Impressionist Immersion

Deborah Cotrone
“Vero Beach Day,” oil on linen, 30 x 30 inches


John Stringer, owner of J.M. Stringer Gallery, phoned Connecticut-based artist Deborah Cotrone last February and asked, “Are you sitting down?”

He had a unique offer. A Connecticut couple for whom Cotrone had just completed a large commissioned painting was so struck by the artist’s talent that they wanted to show their gratitude in a meaningful way.  

“They want to be your patron,” said Stringer. “I don’t know how else to describe it. They believe in your artistic abilities, and they want to give you the opportunity to focus on your painting here in Vero. They will take care of your living expenses and anything you need for three months, allowing you the freedom to paint and expose your art to more potential customers.”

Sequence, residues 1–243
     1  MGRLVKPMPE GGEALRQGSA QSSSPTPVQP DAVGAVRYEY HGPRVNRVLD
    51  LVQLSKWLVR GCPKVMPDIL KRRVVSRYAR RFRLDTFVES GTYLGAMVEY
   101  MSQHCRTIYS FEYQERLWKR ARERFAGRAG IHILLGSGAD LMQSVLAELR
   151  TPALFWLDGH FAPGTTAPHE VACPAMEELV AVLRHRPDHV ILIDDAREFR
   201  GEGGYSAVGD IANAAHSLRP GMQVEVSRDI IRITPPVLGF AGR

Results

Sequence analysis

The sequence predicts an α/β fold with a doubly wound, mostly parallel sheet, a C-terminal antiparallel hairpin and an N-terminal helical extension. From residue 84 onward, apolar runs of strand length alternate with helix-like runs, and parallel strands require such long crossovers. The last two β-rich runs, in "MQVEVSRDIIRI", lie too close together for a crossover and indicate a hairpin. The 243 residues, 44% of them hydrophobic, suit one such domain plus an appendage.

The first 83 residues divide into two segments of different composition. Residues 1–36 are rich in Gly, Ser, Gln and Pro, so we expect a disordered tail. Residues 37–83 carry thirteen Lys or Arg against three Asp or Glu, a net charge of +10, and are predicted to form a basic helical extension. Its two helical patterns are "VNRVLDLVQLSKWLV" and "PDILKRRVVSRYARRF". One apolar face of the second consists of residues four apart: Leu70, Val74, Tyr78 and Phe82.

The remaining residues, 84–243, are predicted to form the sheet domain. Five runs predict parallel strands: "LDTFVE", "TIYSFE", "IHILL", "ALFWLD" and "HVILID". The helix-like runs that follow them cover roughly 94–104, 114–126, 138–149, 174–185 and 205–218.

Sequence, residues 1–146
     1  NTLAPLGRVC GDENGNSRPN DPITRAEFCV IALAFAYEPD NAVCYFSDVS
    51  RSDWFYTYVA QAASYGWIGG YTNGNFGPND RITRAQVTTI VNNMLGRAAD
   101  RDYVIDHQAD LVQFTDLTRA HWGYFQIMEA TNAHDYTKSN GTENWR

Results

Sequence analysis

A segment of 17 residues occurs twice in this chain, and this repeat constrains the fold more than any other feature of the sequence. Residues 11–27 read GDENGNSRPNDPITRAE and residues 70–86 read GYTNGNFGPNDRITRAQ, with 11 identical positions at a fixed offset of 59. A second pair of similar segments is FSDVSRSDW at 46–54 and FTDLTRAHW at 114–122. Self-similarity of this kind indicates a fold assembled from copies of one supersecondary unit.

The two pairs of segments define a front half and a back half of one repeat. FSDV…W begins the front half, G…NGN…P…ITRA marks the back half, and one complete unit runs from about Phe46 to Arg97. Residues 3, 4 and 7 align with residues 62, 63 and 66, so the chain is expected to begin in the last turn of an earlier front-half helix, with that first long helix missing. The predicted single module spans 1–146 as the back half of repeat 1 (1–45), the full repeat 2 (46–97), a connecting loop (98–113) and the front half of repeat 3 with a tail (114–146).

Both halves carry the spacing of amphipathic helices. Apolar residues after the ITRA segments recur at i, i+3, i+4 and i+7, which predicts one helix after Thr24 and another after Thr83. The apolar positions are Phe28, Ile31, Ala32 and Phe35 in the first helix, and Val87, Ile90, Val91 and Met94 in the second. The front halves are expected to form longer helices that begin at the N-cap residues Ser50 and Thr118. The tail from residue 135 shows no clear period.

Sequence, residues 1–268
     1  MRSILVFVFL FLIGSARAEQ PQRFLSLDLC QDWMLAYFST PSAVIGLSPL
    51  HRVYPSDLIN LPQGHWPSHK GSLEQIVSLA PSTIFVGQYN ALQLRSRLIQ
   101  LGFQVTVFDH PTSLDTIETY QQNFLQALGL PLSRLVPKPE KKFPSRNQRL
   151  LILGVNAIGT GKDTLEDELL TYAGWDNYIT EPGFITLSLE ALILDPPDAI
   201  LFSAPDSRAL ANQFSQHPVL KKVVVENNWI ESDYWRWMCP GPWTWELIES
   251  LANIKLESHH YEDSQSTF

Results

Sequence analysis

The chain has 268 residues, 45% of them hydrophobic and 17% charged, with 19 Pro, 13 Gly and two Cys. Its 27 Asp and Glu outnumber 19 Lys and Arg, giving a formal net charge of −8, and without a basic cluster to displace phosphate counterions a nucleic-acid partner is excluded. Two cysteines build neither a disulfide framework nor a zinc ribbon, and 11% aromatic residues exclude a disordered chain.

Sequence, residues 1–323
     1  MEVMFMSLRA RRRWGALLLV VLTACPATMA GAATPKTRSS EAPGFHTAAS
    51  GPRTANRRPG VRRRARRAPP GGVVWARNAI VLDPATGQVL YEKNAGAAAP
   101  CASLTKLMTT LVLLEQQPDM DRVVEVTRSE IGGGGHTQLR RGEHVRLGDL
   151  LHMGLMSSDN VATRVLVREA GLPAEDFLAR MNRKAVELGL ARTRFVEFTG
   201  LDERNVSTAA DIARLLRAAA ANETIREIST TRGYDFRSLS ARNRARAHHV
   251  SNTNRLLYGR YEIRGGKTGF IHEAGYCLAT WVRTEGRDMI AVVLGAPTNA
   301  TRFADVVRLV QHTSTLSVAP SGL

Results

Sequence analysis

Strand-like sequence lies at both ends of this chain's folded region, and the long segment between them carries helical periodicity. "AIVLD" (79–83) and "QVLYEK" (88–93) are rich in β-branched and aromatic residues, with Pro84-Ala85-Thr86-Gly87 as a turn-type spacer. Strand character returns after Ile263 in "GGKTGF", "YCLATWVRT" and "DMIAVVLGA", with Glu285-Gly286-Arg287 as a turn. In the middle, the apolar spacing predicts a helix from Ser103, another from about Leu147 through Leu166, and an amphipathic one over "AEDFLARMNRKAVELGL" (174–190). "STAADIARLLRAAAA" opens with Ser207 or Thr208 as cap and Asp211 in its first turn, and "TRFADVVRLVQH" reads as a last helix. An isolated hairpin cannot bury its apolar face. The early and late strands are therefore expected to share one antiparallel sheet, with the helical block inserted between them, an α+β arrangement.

“I felt like I was in a dream,” recalls Cotrone, whose light-infused, impressionist New England landscapes have earned her a loyal following among A-list collectors. “It was an extraordinarily generous offer and a rare opportunity.”  

Indeed, patronage is the ultimate vote of confidence for any artist, and it is a practice rooted in the history of art.

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